He closed his remarks by sharing a quote from his mother with the Senate body. When he entered academia, his mother told him that she only had one request of him, which was, “for goodness sakes, don’t become a cynic.” His mother had grown up in academia and it seemed to him that academics were bred to be critical. He believed that through this process, a sense of hope and vision could become lost. He never wanted to see that happen, and believed that the biggest threat to the university was not budget deficits, enrollment increases, or unions, but was cynicism. He remarked that the University of Oregon was the place where public education could be defined for the future. As he accepted the Wayne Westling award, he asked the Senate body to consider the deep joy that could be found in contributing to a place that was so remarkable.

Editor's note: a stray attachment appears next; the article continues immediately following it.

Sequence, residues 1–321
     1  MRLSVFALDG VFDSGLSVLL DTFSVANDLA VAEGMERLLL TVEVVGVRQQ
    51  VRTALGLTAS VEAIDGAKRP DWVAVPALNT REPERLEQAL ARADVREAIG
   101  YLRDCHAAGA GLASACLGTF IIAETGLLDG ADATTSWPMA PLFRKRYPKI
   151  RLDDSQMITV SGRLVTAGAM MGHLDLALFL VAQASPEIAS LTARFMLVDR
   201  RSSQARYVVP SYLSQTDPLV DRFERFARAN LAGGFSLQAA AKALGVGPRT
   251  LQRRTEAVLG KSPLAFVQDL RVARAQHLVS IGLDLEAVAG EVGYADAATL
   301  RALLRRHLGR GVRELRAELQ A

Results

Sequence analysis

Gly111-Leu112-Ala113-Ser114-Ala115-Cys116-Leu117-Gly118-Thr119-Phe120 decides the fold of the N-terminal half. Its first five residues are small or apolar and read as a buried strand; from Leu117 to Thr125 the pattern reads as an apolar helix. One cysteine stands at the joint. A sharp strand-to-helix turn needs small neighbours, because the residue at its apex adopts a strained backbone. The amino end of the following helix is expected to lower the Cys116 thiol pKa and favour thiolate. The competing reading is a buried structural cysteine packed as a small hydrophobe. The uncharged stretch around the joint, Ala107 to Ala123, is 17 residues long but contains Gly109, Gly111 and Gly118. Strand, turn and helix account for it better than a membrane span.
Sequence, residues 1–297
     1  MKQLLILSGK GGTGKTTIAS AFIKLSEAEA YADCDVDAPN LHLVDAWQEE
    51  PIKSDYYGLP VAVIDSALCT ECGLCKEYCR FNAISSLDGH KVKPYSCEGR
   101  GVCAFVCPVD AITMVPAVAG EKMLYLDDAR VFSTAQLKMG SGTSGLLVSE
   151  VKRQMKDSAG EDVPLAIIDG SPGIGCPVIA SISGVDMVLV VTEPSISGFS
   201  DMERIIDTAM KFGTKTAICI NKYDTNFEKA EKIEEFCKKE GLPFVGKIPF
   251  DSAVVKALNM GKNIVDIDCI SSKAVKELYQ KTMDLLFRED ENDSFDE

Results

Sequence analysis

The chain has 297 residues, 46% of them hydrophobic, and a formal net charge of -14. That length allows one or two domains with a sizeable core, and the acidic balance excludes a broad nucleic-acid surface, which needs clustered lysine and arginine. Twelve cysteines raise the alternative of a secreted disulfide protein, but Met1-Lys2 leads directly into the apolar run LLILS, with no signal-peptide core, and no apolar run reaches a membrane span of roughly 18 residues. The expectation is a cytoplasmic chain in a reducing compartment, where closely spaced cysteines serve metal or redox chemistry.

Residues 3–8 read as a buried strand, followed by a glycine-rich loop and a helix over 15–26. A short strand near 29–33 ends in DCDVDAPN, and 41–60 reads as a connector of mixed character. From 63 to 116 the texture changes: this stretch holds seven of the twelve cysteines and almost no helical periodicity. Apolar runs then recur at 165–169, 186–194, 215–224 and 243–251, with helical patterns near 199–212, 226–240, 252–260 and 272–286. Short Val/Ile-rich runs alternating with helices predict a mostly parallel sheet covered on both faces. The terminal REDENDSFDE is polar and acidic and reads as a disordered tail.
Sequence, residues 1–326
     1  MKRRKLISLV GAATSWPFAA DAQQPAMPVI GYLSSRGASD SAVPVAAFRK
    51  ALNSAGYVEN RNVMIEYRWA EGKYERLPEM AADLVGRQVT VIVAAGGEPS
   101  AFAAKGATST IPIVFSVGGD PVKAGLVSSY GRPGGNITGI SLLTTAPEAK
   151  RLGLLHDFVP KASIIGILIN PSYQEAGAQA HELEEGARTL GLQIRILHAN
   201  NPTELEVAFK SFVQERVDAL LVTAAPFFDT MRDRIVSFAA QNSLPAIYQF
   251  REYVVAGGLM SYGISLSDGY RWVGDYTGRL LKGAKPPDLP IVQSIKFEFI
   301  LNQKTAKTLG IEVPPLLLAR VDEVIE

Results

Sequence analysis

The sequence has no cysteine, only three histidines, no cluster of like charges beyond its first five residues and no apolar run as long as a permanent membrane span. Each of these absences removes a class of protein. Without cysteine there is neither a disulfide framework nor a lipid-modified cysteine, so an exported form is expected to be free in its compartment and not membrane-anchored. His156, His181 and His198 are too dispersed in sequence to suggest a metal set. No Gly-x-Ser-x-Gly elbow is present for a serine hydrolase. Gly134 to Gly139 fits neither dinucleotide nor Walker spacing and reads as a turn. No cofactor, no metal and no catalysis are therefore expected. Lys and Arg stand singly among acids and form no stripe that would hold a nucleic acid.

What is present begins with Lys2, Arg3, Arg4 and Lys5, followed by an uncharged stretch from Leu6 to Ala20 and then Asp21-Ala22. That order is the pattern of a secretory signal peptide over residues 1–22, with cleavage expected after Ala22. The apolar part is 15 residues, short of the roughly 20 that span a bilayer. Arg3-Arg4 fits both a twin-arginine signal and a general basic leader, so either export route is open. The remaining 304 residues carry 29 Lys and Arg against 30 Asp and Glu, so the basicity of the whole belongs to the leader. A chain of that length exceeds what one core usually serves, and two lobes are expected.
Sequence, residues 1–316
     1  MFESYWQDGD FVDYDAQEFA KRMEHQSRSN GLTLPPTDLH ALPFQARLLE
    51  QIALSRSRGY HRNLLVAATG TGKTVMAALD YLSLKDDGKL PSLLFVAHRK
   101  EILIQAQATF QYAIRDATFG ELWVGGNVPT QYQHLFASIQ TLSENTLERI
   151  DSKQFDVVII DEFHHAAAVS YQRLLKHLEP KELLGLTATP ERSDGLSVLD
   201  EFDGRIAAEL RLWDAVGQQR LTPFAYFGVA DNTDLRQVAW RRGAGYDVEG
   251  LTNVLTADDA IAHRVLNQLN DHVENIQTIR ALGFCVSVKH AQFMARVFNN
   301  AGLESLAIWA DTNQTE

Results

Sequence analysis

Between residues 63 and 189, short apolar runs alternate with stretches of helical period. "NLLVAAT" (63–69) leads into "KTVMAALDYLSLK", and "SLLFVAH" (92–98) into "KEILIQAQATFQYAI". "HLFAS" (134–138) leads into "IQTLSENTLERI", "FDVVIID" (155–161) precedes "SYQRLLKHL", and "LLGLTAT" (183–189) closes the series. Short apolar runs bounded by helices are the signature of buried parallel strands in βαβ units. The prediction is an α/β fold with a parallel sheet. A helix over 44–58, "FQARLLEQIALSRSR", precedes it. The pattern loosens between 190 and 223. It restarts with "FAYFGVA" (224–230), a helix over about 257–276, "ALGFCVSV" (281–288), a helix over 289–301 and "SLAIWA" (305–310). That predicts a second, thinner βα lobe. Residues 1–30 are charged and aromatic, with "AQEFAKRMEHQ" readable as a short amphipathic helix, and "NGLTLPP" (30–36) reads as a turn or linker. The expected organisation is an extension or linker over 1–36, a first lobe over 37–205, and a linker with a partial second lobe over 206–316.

Senate President Kyr asked Senator Alexandra Flores-Quilty (Student Senator) to deliver the outgoing remarks by ASUO President Ben Eckstein, as he was unable to attend the Senate meeting.
3.5 Remarks by outgoing ASUO President Ben Eckstein
Ben Eckstein outgoing remarks are listed below:
Members of the University of Oregon Senate, I apologize that I am unable to attend our last meeting of the 2011 – 2012 academic year, however I thank Senator Alexandra Flores-Quilty for conveying my brief written remarks to you in person. This has been a turbulent but productive year for the university and for the ASUO. While this year has confronted us with many challenges, both expected and unforeseen, I am confident that we are ending this year stronger than we began it. In my time as a part of the University Senate, I have learned a great deal from participation in our unique system of shared governance.